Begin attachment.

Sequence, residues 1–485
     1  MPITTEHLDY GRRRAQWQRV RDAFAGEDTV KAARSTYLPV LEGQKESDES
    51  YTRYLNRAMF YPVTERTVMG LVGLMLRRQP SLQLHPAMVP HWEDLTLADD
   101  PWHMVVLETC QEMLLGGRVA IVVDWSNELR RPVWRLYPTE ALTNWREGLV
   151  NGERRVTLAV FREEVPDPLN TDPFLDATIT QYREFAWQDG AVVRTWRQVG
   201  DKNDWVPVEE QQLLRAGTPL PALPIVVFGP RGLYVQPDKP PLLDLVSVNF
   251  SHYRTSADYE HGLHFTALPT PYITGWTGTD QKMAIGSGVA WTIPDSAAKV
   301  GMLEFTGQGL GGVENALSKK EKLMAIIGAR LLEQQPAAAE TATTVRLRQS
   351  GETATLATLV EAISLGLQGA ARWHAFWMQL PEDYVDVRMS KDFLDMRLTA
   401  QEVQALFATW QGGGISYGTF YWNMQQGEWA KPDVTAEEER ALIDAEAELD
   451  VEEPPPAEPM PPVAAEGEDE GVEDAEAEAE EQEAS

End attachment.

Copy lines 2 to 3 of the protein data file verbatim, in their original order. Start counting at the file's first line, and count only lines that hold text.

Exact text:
     1  MPITTEHLDY GRRRAQWQRV RDAFAGEDTV KAARSTYLPV LEGQKESDES
    51  YTRYLNRAMF YPVTERTVMG LVGLMLRRQP SLQLHPAMVP HWEDLTLADD